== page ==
Sleeping in separate beds is thought to be a sign of marital trouble. But for many couples, that's just not the case.
A recent "Good Morning America" segment looked at couples who make the decision to sleep apart -- not because they're falling out of love, but because their bedtime habits don't necessarily align. (Think different room temperature preferences, sleeping with the TV on or off, snoring or vastly different bedtimes and wake-up times.)
Arianne Cohen and her husband Nate told "Good Morning America" that sleeping in separate rooms has actually brought them closer together. Arianne can read before bed without keeping Nate up and Nate can play guitar without disturbing Arianne.
"I love that idea that we love each other so much that we protect each other's solitude," Nate said. (Watch more of their interview in the video above.)
According to an August 2013 study out of Toronto's Ryerson University, the practice of sleeping in separate beds is more common than you think. In fact, researchers found that 30 to 40 percent of couples sleep apart at night.
Over the weekend, we asked our married readers what they thought about this type of arrangement. What did we learn? Many have been doing it for years and think it's a lifesaver.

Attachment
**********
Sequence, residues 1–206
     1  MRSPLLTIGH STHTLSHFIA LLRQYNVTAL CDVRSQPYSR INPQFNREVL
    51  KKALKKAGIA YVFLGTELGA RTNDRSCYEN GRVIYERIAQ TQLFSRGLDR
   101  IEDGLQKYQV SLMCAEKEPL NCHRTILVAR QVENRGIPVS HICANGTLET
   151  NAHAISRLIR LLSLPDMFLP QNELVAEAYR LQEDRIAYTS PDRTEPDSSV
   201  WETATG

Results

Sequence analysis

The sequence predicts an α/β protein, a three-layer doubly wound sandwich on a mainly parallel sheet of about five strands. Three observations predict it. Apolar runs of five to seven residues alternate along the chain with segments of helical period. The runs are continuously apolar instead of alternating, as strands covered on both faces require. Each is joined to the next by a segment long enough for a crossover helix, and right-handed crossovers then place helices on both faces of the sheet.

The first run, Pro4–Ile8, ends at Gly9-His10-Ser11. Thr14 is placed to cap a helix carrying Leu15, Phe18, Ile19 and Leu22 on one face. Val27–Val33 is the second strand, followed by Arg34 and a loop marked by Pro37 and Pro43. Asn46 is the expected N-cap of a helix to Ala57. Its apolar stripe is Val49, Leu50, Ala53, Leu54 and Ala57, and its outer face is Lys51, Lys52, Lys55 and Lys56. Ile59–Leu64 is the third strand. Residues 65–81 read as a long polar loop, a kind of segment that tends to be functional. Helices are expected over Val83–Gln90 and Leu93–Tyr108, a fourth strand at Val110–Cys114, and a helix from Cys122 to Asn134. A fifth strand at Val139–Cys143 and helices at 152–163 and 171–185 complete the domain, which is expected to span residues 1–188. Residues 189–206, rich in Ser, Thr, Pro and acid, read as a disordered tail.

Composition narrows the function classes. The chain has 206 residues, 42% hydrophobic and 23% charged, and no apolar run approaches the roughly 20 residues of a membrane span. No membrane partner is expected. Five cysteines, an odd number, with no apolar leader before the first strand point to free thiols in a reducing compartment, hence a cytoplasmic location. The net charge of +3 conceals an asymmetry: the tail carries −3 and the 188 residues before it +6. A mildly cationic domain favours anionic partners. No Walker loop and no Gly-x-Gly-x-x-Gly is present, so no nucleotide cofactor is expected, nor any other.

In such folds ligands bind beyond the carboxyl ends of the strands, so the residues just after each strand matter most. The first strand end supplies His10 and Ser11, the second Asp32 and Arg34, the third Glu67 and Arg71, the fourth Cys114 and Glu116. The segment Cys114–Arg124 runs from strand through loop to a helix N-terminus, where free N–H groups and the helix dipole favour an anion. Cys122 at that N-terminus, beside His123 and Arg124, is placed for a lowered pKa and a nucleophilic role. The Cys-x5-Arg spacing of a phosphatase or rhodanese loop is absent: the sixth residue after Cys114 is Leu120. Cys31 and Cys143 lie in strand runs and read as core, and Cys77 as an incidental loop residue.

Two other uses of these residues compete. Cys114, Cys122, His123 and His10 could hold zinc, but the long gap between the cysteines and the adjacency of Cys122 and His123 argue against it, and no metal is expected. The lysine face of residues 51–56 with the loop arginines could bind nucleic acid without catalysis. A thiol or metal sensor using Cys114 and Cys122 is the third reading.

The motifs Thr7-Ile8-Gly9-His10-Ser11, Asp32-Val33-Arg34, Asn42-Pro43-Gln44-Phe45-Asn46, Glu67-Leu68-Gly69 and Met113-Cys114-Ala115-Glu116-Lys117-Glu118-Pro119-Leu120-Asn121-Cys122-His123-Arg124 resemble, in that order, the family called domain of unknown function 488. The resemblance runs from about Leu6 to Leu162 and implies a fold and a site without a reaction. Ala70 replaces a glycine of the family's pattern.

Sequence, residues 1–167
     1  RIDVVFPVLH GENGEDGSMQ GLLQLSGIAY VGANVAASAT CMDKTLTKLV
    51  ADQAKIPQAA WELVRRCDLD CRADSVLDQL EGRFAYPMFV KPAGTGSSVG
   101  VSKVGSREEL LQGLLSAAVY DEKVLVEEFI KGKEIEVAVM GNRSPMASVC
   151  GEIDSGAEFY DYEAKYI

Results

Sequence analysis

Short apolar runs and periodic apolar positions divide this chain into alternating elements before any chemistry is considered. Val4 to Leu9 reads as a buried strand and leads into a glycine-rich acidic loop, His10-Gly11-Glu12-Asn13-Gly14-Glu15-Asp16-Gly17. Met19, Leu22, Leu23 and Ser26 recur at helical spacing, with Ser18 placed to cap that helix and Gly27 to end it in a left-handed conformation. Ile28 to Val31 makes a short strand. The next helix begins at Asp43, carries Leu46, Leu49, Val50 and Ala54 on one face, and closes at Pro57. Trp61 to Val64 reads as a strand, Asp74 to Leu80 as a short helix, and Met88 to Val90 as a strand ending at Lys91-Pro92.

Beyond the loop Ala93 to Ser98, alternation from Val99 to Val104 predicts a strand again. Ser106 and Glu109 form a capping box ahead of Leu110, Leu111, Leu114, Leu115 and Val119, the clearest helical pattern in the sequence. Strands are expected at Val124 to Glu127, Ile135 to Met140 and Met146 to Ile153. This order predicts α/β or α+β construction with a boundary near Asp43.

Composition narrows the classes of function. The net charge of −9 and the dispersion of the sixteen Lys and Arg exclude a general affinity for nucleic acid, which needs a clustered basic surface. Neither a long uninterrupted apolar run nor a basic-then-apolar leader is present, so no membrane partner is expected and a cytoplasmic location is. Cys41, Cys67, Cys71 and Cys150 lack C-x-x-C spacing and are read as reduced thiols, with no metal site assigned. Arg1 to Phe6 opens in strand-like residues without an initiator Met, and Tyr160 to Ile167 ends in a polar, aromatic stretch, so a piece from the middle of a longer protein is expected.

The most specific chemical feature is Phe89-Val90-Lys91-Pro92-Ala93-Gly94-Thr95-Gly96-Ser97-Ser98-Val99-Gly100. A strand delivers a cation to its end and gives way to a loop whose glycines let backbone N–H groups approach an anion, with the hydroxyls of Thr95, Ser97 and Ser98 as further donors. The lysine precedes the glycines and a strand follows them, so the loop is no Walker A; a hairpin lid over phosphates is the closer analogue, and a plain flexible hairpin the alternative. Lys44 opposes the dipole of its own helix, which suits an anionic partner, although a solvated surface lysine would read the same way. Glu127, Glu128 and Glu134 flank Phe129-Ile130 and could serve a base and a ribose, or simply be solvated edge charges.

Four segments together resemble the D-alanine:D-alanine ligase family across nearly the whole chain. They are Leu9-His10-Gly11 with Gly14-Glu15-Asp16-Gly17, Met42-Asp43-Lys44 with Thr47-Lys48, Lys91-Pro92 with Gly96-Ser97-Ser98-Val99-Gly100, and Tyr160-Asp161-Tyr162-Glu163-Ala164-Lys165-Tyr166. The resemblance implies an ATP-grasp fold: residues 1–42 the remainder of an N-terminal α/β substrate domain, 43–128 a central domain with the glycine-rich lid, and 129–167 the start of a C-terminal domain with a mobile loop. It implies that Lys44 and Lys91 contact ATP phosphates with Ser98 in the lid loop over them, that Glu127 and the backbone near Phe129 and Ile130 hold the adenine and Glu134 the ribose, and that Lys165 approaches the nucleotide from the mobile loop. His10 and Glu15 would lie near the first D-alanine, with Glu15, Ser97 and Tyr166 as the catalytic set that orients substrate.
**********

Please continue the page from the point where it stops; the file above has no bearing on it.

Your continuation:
My husband snores and goes to bed five hours later than I [do]. We sleep apart and still have a happy marriage. - Julie Arcila
Separate beds and bathrooms! It started because he worked nights and I worked days. Now we both work days but enjoy sleep. We love each other, but we don't need to have sleepless nights in the same bed to prove that. - Meredith Watson
But others were more skeptical:
Weird! Highly individualistic times we live in! People are too used to living for themselves rather than compromising. - Rinki Varindani
Head over to CNN Living to read Cohen's blog on how sleeping separately saved her marriage. Then, tell us what you think of the idea in the comments.